7. Register for an online training course or learn a new craft or skill such as calligraphy, a new language, a new dance - Use YouTube to learn a new skill or technique

8. Watch some films or TV box sets, or get recommendations from friends on what they are watching on Netflix / catch up TV

9. Spring clean your cupboards and list items you don’t want anymore on online marketplaces such as Ebay or Facebook. Upcycle something.

10. Contact someone you have been meaning to but have not had the chance previously.

11. Arrange group video chat sessions with your friends.

12. Download some online games, and encourage your friends to download them too, and take part in online challenges together

13. Review your finances, budgets and savings plans - Use Comparethemarket or other similar websites to review bills and household goings

14. Go through your food cupboards and check expiry dates and reorganise using the oldest food first

15. Games - Play on a games console (e.g. Nintendo, Playstation or Xbox) or simply do a crossword or Sudoku to challenge the mind. Search online for digital games or play board games or Complete a puzzle

16. Learn to play a musical instrument, or a new piece of music

17. Have a Spa afternoon - have a bath, use a face mask, give yourself a manicure

18. Take time to reflect and plan – what have you achieved over the last year, what are your future goals. Create a ‘Mind Map’ (to capture the thinking going on in your head)

19. Spend some time on DIY jobs or completing household maintenance, all those jobs we put off as we don’t have time!

20. Organise your albums – this can be your music album or all of your photos on your digital devices

21. Tidy up paperwork and admin – File away and organise your admin and clean up your emails

22. Make and install a bird feeder and tidy your garden/ private outside space

23. Trace your ancestry, spend time talking to family and go through photo albums

24. Visit virtual museums and sites online

25. Spend time on your hobbies or do something creative – draw, paint, listen to your favourite and upbeat or relaxing music.
Copyright © 2020 Kalpna Hirani



COVID-19 Anxiety
Read time 5-8 minutes
During this extraordinary situation we find ourselves in with the COVID-19 pandemic, there are a lot of people having reactions they don’t really understand. So today I thought I’d write something with my therapist hat on. Ladies and Gents, this is Pandemic Anxiety 101.

IN CRISES, WE START DOING WEIRD STUFF: Have you found yourself struggling to sleep, staying up late into the night, reading endless news articles, buying lots of things that you don’t even like very much, getting angry with your mum / partner / child for not staying home, drinking more, been a bit teary, and really want to eat ... cake, chocolates, biscuits and more cake. You are not alone!
If you’re feeling wobbly, you may have noticed all sorts of weird stuff going on. Are you arguing more, talking faster, struggling to sleep, feeling restless, desperate for information? Perhaps you are feeling teary and overwhelmed, and a bit sick? Struggling to make decisions, or think with a clear head? Just want to stay in bed? Tummy upsets? Having palpitations, butterflies, headaches? Ranting, picking fights or getting into arguments? Laughing unexpectedly or saying random, inappropriate things? Developing Very Strong Opinions on epidemiology overnight? Or have you just completely gone to ground?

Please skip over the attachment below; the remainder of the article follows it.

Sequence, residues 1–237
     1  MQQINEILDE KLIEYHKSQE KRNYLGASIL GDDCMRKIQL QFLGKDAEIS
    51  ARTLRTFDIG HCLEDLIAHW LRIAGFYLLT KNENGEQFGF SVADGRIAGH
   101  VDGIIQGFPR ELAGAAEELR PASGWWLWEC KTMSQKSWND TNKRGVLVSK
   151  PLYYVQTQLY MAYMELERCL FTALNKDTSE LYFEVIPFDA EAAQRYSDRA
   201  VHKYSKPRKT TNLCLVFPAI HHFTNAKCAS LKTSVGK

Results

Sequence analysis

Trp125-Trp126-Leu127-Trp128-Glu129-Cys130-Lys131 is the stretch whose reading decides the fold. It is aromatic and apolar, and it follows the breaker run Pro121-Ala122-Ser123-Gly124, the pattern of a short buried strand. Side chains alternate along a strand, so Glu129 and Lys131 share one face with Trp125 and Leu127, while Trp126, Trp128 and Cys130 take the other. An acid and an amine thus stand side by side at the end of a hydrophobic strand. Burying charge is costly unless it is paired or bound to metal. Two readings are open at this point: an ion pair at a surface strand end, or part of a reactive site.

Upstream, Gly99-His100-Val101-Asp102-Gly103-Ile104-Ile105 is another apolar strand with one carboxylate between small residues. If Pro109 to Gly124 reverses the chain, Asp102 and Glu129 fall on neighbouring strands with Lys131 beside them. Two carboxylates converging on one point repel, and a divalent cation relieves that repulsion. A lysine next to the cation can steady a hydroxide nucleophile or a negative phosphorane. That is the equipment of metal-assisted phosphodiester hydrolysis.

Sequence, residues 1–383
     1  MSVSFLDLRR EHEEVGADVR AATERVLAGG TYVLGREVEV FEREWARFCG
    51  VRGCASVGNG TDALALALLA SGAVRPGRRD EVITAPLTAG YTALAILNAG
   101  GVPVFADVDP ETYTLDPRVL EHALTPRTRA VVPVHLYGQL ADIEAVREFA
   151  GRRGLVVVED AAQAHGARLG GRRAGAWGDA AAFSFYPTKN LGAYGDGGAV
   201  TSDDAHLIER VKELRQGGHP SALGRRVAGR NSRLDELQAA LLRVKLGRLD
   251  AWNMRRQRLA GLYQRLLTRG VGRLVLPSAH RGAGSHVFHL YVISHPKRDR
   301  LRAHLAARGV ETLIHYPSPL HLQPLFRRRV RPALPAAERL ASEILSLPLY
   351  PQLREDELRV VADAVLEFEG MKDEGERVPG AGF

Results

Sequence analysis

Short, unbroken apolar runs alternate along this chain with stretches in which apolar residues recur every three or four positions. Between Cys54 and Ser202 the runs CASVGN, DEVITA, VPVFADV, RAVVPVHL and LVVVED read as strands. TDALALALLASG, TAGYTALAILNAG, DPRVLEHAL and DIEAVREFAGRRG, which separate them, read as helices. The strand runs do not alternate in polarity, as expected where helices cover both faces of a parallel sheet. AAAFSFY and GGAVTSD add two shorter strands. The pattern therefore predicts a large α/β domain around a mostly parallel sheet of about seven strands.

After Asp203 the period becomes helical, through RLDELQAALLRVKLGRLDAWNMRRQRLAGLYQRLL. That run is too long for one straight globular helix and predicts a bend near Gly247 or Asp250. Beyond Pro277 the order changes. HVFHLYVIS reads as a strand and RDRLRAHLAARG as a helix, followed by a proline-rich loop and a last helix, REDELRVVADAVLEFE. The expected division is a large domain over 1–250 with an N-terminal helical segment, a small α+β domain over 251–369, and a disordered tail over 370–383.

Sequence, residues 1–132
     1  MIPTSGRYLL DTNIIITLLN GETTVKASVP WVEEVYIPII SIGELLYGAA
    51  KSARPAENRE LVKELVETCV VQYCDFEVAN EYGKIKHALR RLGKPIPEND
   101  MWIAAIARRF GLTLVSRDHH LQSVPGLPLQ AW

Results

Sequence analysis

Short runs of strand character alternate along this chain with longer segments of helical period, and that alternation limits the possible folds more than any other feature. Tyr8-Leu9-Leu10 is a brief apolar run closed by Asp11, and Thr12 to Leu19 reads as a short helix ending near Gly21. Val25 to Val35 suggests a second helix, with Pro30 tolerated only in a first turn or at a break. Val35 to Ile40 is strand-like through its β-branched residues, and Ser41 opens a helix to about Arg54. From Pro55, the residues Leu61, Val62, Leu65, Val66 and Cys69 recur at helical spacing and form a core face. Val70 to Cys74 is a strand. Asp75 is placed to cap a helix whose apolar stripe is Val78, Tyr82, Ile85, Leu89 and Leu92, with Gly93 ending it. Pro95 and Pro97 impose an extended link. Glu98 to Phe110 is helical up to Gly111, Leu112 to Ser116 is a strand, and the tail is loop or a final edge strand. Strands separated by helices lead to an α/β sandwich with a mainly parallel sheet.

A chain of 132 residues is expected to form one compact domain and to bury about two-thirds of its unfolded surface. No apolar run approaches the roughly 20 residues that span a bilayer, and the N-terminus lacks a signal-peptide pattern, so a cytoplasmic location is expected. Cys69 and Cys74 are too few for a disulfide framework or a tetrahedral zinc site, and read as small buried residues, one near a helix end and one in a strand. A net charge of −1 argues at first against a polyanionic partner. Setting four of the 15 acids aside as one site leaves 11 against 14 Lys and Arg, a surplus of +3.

If you are feeling any of these things: The good news is you are not going mad! And you are 100% not alone. In fact, its completely normal - a fully emotionally functional human being. I’ll explain: take a seat and put the kettle on.

WE ARE LIVING IN TURBO-ANXIOUS TIMES. Well, no kidding. We’re in the middle of an unprecedented crisis that has showed up unexpectedly (they have a tendency do that!) and which presents a mortal threat to ourselves, our loved ones and our way of life. It’s terrifying and it's getting worse, all of which makes us feel totally out of control. And this is in addition to everything else we have going on.

HERE’S THE SCIENCE BIT. When we are feeling threatened, our brain springs into action. Specifically, a tiny, innocent-looking thing buried behind your ear called the amygdala (fun fact: it's the size and shape of an almond. In Latin Amygdala = almond). It’s the alarm system of our brain and the bit in charge when we are frightened - and right now, it’s in full klaxon mode! Unfortunately, it’s also very primitive bit of our brain. It was very useful when threats basically consisted of being eaten by large scary animals like sabre tooth tigers. Well, to the amygdala, everything looks like a sabre tooth tiger is about to attack you. It’s also pretty basic, so it really only has two settings. They are no tigers and TIGER!!!.

THE ALARM IS SET - TIGER!!!. All threats look like a tiger to the amygdala, it preps you accordingly. There are really only two reactions to a tiger about to eat you: fight it, or run away really fast. So, this is what the brain automatically tells the body to get ready to do – it does not have time to think, it just reacts because it needs to react very fast to escape or protect. It’s called the Fight or Flight response (there’s also freeze, meaning you just get paralysed). It does this by flooding your body with chemicals like cortisol, and adrenaline. Your heart rate goes up in order to pump more blood and oxygen round the body and muscles tighten to get ready for action. Your lungs take in air faster to supply your body with oxygen. Your senses are on super alert - the pupils in your eyes get larger to see better. And your digestive system slows down for the moment, so the brain can concentrate on more important things. These chemicals are also largely responsible for the huge range of other cognitive / physical / emotional reactions - see the intro.

In group fear situation like a pandemic, this tends to happen whether you think you're scared or not - anxiety is even more catchy than COVID. Your brain and body reacts even if your conscious mind doesn't.